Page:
New York federal judge Lewis Kaplan ruled last week that Chevron may “conduct discovery” regarding a $6.4 million contract between the government of Ecuador and MCSquared, a Brooklyn, N.Y., public-relations firm. Score another victory for the oil company over plaintiffs seeking to blame it for environmental damage in the Ecuadorean jungle.
But how would that help the country’s democracy?
No opposition member of the national assembly has access to public contracts under Ecuadorean President Rafael Correa. Requests for such information are batted away by the government-controlled legislature and ignored by the attorney general and comptroller general.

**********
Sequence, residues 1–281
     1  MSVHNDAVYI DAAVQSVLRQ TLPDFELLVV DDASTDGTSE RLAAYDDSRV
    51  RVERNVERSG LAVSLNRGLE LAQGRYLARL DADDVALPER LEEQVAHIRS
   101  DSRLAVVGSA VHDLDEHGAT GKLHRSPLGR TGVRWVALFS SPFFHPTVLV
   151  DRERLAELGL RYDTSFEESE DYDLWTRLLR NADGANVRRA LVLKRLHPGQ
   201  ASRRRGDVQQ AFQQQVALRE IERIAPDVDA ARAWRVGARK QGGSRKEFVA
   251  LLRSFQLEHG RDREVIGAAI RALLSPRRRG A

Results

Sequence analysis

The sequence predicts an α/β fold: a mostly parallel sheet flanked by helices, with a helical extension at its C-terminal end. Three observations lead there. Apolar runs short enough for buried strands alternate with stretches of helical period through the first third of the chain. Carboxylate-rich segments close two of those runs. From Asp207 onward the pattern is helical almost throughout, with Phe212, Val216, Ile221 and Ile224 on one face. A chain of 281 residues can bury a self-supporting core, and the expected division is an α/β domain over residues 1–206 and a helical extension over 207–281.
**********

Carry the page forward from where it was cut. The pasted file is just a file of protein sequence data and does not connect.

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Yet a cool $4.5 million is still unaccounted for. That’s the difference between the $1.9 million in disbursements detailed in MCSquared’s September filing and the total amount paid to MCSquared according to the July filing. The government has not denied paying the full amount of the contract but will not answer Andrés Páez’s inquiry about where the rest of the money went.
Where did the $4.5 million go? Chevron may even find out.